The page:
I hope this tutorial will help you photograph your layout in the simplest way and also to guide you how to crop, resize your image and save space in your galleries.

Remember, practice makes perfect! 😀

  • WirdaJanuary 22, 2010 - 9:17 am

    I like this! Thank you, Thank you and Thank you!

  • winnieJanuary 22, 2010 - 9:40 am

    thanks for this blog post! (:

  • GazelJanuary 22, 2010 - 12:38 pm

    Thank you sooo much leena!!
    (: now i need to practice how to get as close to a perfect square as possible. haven’t been able to take a photo of my layout and crop it out so nicely.
    THANK YOU (: (:

  • ValenciaJanuary 25, 2010 - 8:07 am

    Nice! Thanks for sharing the tip and also lovely LO!
    You are inspiring!

  • merdreyJanuary 25, 2010 - 1:21 pm

    left you some love on my blog! =)

  • Metal_MinishJanuary 26, 2010 - 5:25 am

    I love all your layouts, and this tutorial is very helpful!
    I hope you don’t mind that I added you to my link list? I’ve watched you on Flickr before, but only just now found your blog… ^^;;

  • MarinaFebruary 3, 2010 - 5:19 pm

    So interesting. I will try soon to photography my layout like this. Thnak you so much 😉

  • ScrapdrineFebruary 3, 2010 - 6:29 pm

    Thank you from France, Leena. I didn’t know the tip “Save for web”… I will try it !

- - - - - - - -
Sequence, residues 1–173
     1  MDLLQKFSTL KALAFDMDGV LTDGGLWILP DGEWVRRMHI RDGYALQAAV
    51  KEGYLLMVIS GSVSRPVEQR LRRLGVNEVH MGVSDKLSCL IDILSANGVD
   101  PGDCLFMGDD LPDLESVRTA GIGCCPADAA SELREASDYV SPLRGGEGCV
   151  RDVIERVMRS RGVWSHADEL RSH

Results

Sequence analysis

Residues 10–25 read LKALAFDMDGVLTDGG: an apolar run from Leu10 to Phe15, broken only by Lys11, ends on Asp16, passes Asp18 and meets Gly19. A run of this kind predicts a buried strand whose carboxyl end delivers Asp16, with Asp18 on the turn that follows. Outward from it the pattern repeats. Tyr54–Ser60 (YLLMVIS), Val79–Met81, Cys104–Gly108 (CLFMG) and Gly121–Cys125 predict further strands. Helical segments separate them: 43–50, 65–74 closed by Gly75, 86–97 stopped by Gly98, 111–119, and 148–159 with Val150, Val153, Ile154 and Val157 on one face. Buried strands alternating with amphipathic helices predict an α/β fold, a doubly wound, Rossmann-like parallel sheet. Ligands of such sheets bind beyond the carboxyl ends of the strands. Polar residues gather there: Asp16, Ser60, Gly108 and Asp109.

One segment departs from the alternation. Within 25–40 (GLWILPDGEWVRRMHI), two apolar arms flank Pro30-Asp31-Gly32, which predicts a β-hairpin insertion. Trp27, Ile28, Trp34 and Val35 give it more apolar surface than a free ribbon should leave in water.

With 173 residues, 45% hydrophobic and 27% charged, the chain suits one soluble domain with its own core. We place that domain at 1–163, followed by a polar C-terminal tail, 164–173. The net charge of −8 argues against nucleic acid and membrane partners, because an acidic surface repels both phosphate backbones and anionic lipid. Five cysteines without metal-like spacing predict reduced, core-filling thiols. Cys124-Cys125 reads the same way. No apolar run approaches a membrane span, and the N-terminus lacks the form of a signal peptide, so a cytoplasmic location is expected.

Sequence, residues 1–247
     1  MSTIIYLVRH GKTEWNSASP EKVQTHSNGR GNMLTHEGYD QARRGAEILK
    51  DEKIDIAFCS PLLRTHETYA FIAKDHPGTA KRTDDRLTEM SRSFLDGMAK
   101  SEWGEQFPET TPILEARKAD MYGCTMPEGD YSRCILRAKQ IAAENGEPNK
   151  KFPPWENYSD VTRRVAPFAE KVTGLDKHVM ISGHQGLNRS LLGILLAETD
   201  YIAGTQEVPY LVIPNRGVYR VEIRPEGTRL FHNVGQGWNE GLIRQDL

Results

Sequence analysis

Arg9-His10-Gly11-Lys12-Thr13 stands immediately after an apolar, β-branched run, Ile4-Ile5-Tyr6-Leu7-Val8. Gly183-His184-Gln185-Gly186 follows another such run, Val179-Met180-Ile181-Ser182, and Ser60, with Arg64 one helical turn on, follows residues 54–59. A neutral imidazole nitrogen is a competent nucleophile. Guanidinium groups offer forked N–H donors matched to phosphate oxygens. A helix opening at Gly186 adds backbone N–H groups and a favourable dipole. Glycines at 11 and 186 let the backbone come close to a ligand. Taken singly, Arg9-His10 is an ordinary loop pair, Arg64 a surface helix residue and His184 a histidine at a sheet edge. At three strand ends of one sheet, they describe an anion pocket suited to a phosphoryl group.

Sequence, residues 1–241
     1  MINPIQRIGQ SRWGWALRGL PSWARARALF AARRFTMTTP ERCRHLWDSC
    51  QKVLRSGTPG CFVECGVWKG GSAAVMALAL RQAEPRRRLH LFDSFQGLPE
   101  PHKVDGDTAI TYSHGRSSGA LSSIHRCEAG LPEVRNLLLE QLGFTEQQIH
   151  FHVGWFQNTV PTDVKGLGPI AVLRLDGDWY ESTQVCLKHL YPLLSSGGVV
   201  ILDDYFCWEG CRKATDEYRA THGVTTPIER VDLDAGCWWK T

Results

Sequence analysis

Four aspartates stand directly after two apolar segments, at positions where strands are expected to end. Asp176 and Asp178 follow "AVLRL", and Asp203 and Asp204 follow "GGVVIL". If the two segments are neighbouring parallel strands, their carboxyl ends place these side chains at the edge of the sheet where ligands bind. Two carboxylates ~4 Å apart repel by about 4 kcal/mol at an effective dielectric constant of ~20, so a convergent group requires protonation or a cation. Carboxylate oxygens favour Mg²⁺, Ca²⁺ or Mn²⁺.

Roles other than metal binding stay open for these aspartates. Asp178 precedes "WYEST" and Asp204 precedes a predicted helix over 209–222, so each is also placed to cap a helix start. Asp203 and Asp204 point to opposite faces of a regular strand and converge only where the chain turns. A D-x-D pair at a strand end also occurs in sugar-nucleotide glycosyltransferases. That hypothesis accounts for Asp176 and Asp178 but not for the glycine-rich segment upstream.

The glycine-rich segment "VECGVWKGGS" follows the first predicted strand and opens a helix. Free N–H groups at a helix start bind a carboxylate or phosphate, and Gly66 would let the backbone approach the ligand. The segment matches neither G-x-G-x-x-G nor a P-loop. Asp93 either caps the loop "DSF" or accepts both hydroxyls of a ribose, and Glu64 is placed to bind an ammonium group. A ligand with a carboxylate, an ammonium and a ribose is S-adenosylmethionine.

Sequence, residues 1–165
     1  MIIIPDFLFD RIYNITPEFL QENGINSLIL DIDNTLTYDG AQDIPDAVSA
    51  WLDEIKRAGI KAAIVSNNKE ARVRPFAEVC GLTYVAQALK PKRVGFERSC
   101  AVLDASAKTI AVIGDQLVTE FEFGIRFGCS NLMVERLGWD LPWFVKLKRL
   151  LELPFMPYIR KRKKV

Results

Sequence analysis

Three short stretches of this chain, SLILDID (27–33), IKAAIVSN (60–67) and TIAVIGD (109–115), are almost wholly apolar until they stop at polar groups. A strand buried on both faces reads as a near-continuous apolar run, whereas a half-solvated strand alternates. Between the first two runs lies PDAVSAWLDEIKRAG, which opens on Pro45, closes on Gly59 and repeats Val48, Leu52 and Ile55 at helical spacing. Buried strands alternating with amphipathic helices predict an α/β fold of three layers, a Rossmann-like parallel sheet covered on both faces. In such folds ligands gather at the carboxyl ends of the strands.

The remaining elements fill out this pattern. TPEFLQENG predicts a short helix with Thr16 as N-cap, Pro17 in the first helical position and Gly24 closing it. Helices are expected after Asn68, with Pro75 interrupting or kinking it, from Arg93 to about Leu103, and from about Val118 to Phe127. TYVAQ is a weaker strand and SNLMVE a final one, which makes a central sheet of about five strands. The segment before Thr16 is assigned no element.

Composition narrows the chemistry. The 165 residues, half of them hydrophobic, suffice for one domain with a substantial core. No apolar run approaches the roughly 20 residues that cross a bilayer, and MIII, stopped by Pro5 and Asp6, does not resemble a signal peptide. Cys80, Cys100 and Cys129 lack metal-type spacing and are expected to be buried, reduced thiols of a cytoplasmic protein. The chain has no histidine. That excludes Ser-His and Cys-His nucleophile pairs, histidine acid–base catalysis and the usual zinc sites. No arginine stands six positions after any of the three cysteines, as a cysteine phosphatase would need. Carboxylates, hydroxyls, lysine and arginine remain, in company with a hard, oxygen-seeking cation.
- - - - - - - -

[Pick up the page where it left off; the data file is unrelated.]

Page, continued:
• CortalineFebruary 3, 2010 - 8:29 pm

    Merciiiiiiiiiiiiiiii !!!! La Biz La Delf

  • DeirdreOctober 1, 2013 - 10:04 am

    Searching your sight to see if you ever shared how you photograph layouts and found this. I’d love to see an update showing how you photograph Project life layouts. They seem especially challenging with the plastic reflecting light. Yours are especially clear (I’m almost convinced you’re shooting them without the pocket pages—am I right?)


  • FindingnanaOctober 1, 2013 - 10:22 am

    Hi Deirdre,
    Yes you’re right! I photographed my PL cards without the pockets. 😉 I laid them all on top of the protector and photograph them. Once I’m done I’ll just insert them back into the pockets. I’ll share one of these days how I photograph my PL spreads along with some tips. 🙂